Although science does not simply replace traditional knowledge, it helps to rationalize it and to make it more systematic. It is when they come face to face with scientific knowledge that certain elements of a given agricultural tradition will be regarded as erroneous or even "superstitious". On the other hand, a well established, experience-based agricultural tradition acts as a check on science running wild: sometimes scientists rush into the open with results that have not yet been really tested in real-life conditions.
Science does not simply replace traditional knowledge, it helps to rationalize it and to make it more systematic.
Having established the link between science and agriculture does not prove that agriculture must be taught using a scientific approach. One would have to prove that a scientific orientation to agriculture is necessary, and that this approach can be used with primary school pupils. Traditional agriculture so far has produced most of the food needed for Africa's population. This in itself is a measure of success. It is a fairly coherent system based on experience, and by no means closed to innovation. If conditions change only slowly, traditional farming methods will probably adjust to these changes. But during and after colonisation conditions have changed more and more rapidly, and traditional farming is not adjusting fast enough to guarantee a steady food supply in the long term (see Volume 2, part I (Farming Methods), sections 4.1. "The need for a new approach", and 3.1., "The meaning of scientific agriculture"). The following are the main factors of change which require traditional agriculture to seek help from science:
- Population Growth
As the population keeps growing, more and more land has to be cultivated. This leads to a shortening of the fallow period (see volume 2, part I (Farming Methods), section 2.1. "Traditional land use systems - from shifting cultivation to degraded bush fallow"). Systematic research into continuous farming, building on traditional agriculture, is important if a disastrous decline in soil fertility is to be prevented.
In all African countries there are urban settlements. The urban population is not able to grow the food it needs. Towns rely on food produced in the surrounding rural areas. This is only possible if the rural population produces a greater marketable surplus than before. Both land and agricultural labour become scarce, and changes are needed which allow farmers to produce more crops on the same land and with the same amount of work. Here again, one would look to science for possible solutions, new farm inputs, improved farming techniques, better storage facilities etc.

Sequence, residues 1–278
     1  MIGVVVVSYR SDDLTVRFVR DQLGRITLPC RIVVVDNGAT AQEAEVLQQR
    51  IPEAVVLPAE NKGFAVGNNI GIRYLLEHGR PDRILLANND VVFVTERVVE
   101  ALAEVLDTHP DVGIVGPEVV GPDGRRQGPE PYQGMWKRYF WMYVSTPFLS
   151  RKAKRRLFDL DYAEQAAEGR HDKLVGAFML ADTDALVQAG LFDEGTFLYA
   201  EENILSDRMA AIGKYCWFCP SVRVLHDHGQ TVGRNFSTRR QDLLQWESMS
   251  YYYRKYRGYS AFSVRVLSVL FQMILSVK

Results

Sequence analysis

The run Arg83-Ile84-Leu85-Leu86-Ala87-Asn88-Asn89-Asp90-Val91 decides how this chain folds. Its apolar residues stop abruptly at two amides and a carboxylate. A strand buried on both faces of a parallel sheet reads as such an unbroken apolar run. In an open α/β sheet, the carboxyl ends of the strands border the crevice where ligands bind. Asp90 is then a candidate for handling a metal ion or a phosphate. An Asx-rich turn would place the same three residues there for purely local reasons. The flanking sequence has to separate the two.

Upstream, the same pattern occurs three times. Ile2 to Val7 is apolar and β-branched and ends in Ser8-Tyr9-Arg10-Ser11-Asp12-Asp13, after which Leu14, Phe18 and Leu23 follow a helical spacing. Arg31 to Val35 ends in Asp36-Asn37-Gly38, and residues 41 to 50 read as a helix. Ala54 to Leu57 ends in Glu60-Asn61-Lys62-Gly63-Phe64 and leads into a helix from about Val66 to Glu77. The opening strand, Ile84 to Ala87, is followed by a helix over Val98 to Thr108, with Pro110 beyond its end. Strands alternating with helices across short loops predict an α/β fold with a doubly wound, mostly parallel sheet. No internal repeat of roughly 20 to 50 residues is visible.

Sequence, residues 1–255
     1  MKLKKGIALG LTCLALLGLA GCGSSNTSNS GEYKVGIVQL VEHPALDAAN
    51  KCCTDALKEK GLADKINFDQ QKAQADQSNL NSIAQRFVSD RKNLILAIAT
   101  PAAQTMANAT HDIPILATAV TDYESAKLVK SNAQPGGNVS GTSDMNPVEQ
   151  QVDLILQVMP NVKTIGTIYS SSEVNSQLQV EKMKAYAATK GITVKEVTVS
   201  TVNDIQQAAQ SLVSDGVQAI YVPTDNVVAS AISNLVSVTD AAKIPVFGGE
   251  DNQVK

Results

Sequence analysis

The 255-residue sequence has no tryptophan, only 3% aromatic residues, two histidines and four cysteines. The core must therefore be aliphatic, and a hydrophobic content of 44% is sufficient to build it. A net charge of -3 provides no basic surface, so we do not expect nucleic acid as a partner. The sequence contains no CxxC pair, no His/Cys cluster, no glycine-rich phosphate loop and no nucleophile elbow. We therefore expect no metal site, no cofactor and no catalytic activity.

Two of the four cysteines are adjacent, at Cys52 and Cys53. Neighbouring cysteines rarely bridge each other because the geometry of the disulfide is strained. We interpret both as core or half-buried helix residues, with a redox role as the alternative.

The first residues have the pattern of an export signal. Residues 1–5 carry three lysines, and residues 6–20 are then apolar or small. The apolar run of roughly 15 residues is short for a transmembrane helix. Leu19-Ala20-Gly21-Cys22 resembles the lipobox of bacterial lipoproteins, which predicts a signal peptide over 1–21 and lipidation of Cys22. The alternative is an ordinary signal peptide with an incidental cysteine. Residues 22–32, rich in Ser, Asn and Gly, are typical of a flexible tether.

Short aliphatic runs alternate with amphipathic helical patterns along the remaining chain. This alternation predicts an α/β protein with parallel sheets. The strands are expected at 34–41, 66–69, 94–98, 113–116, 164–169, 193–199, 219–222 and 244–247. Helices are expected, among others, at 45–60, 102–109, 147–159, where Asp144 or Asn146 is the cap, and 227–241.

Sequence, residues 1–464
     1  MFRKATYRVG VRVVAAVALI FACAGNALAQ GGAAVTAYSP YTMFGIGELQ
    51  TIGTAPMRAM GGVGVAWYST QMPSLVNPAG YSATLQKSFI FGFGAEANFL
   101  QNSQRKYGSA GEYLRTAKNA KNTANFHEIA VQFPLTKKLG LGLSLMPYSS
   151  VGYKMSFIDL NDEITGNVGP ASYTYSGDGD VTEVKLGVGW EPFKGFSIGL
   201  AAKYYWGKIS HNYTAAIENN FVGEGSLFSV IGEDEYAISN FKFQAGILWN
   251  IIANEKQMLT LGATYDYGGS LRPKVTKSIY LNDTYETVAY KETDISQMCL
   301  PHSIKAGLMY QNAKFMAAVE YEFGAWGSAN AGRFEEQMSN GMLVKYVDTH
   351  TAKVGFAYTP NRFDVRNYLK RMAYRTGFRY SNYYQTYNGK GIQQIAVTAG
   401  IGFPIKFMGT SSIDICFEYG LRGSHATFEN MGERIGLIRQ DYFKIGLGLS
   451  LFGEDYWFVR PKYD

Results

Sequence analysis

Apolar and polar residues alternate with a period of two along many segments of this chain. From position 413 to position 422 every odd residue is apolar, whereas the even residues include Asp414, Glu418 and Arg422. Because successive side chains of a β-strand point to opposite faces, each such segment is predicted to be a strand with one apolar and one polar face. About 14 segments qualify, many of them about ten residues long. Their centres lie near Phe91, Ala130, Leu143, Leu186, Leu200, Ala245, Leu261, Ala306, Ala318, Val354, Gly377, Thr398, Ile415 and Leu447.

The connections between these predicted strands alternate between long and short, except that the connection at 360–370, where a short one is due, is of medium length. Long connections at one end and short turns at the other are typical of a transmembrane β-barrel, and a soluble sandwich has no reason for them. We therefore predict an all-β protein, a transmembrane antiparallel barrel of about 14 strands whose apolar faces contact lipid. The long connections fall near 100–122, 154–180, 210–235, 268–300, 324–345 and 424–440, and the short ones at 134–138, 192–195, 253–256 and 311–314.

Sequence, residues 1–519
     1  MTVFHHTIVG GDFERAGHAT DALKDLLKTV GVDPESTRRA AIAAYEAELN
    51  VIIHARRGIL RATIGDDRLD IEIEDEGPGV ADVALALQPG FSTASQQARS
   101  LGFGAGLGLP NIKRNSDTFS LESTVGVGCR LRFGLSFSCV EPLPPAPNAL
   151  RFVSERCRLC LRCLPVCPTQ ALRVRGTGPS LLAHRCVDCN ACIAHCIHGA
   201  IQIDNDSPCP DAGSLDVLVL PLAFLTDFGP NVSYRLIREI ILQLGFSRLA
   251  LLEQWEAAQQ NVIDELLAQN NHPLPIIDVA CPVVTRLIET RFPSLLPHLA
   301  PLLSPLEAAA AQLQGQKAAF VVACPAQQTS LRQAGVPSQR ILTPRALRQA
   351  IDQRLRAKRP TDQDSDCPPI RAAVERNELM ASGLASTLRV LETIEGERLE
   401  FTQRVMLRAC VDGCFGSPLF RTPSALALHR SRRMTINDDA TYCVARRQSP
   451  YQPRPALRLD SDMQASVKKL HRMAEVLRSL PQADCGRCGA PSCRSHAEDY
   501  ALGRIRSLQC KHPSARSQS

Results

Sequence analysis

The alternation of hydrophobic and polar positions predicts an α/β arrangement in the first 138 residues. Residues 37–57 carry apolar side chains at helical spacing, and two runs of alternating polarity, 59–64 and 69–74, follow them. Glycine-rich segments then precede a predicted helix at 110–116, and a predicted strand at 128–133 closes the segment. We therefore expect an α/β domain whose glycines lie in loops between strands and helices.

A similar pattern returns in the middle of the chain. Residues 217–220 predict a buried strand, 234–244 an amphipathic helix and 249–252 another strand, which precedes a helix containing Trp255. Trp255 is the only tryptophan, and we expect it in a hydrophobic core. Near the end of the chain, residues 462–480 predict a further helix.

Many industries need raw materials derived from plants for their work. Sugar cane is used to produce sugar, maize is used to brew beer, cotton is made into cloth, sisal fibres into ropes and mats, cocoa into chocolate, groundnuts and palm nuts into oil. Factories operate on a large scale and need a steady supply of inputs of standard quality. If they use large quantities of food crops (as for instance in brewing), they compete directly with local consumers and may create food shortages. If they use non-food crops these must be grown somewhere, and the areas growing industrial crops are no longer available for food crop farming. Industrial activity will also push traditional agriculture to its limits. These limits can only be overcome if productivity in farming can be raised, and this is one of the main tasks of applied science.
- Financing National Development
Development plans usually require large amounts of foreign goods and services. This has to be paid for in foreign exchange. The main part of the foreign exchange is earned from sales of agricultural products. Science is called on to play a vital part in improving productivity in this area.
There is a widespread belief that science can be taught properly to primary school children. In Africa, there is the well known APSP (African Primary Science Programme), later on the Science Education Programme for Africa (SEPA). Basic science can be taught at primary school. Experience with SEPA-material seems to prove, furthermore, that pupils enjoy it.